This has potential to be a boon for Big Pharma and their investors who have done so well out of the last two years, concentrating private wealth whilst increasing national indebtedness and reversing prior progress on poverty reduction.

However, it is not something that has just appeared, and is not going to make us slaves before the month is out. If we are to address this issue and restore societal sanity and balance in public health, we need to understand what we are dealing with.

Proposed International Health Regulations (IHR) amendments

The IHR amendments, proposed by the United States, build on the existing IHR that were introduced in 2005 and are binding under international law. While many are unaware of their existence, the IHR already enables the WHO DG to declare public health emergencies of international concern, and thereby recommend measures to isolate countries and restrict movement of people. The draft amendments include proposals to:

  • Establish an ‘emergency committee’ to assess health threats and outbreaks and recommend responses.
  • Establish a ‘Country review mechanism’ to assess compliance of countries with various recommendations / requirements of WHO regarding pandemic preparedness, including surveillance and reporting measures. This appears to be modeled on the UN’s human rights country review mechanism. Countries would then be issued with requirements to be addressed to bring them into compliance where their internal programs are considered inadequate, on the request of another State party (country).
  • Expand the power of the WHO DG to declare pandemics and health emergencies, and therefore recommend border closures, interruption and removal of rights to travel and potentially internal ‘lockdown’ requirements and send teams of WHO personnel to countries to investigate outbreaks, irrespective of the findings of the emergency committee and without consent of the country where the instance is recorded.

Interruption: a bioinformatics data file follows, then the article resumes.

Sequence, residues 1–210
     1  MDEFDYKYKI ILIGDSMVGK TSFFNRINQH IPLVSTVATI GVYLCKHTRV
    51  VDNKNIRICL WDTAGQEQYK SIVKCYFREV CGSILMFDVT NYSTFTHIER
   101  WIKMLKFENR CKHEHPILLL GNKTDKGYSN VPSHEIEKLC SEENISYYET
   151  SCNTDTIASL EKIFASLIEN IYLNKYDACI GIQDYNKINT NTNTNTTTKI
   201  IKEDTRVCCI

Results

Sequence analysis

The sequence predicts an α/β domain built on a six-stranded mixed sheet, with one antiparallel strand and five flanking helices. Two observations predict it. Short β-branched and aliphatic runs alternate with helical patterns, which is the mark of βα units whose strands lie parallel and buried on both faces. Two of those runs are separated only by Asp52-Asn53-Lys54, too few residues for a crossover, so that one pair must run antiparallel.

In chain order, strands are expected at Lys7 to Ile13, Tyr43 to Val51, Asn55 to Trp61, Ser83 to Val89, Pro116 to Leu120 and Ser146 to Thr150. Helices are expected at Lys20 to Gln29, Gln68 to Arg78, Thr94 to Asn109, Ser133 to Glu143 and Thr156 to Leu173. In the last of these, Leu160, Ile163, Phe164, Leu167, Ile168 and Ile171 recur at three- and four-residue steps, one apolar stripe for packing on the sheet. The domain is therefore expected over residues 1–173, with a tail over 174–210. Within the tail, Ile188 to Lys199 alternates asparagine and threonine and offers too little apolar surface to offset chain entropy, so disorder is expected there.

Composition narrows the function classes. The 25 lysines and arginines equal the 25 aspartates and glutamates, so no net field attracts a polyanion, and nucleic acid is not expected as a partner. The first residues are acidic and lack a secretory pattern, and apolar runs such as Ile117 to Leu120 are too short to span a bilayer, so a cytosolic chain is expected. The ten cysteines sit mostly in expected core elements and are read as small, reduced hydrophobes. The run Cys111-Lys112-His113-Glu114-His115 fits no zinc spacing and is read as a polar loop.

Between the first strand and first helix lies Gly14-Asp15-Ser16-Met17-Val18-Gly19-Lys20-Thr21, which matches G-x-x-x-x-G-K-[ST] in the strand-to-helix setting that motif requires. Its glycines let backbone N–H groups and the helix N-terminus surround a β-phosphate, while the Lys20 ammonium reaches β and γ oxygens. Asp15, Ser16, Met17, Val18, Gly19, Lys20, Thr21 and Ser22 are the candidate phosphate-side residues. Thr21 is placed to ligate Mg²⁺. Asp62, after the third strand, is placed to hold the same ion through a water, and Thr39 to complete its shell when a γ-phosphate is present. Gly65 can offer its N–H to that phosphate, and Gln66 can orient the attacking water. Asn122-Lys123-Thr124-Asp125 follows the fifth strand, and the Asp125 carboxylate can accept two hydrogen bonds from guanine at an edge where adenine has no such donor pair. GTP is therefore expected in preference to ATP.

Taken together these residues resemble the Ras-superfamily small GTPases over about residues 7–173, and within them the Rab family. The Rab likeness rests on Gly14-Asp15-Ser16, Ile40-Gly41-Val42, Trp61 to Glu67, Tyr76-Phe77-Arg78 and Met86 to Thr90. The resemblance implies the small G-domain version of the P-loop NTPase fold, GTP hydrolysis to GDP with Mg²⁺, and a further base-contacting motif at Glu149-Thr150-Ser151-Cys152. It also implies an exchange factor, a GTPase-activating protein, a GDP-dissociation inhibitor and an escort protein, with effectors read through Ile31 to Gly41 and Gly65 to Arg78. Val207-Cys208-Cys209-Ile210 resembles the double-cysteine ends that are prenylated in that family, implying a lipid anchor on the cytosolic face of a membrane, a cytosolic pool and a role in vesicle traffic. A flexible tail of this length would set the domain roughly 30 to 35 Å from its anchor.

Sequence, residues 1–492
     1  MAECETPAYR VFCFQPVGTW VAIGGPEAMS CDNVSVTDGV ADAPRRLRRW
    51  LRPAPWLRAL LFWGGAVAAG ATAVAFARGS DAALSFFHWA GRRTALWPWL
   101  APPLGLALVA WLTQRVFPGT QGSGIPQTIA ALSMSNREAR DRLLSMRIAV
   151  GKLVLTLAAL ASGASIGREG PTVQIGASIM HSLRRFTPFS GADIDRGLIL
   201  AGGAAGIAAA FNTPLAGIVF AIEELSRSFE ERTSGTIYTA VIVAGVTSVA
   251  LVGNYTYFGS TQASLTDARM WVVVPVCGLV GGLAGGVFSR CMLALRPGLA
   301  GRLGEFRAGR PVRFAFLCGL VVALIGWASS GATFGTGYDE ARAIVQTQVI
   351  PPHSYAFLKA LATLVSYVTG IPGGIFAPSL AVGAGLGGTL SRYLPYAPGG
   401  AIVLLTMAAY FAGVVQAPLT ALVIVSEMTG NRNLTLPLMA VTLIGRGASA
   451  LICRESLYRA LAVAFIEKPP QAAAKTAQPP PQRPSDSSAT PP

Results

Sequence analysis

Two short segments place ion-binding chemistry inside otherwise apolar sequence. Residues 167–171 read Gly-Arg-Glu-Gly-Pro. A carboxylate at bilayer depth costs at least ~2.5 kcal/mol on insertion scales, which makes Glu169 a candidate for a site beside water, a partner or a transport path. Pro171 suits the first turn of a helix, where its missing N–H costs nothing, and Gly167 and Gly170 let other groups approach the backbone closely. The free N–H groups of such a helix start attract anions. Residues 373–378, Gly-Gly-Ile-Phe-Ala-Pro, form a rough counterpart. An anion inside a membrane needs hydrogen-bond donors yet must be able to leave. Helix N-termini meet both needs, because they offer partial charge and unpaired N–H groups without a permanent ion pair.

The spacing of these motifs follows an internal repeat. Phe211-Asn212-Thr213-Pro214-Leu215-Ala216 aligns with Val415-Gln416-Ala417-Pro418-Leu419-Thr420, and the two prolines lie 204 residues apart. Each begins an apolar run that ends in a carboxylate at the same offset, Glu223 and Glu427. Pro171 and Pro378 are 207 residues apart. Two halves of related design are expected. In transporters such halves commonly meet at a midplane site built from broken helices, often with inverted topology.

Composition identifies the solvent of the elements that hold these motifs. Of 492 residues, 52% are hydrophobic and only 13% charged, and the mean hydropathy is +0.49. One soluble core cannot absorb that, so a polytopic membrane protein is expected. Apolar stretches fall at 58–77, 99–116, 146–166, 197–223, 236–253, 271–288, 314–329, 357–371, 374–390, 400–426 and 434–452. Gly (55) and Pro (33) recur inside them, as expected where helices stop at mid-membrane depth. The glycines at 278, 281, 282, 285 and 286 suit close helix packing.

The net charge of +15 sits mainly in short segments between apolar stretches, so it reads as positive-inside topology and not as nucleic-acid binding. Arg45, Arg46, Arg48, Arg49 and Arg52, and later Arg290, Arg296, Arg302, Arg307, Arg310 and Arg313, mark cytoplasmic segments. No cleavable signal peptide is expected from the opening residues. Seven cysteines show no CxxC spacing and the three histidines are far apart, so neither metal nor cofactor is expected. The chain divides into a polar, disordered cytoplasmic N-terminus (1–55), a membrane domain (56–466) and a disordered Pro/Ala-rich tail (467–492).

• Reduce the usual review period for countries to internally discuss and opt out of such mechanisms to just 6 months (rather than 18 months for the original IHR), and then implement them after a 6-month notice period.
  • Empower Regional Directors, of which there are 6, to declare regional ‘public health emergencies,’ irrespective of a decision by the DG.

These amendments will be discussed and voted on at the World Health Assembly on May 22-28, 2022. They only require only a simple majority of countries present to come into law, consistent with Article 60 of the WHO constitution. For clarity, this means countries such as Niue, with 1,300 people, have an equal weight on the voting floor as India, with 1.3 billion people. Countries must then signal intent to opt out of the new amendments within 6 months.

Once approved by the WHA, these measures will become legally binding. There will be heavy pressure applied to governments to comply with the dictates of the WHO DG and the unelected bureaucrats that comprise the organization, and thereby also the external actors who are influential in WHO decision-making processes.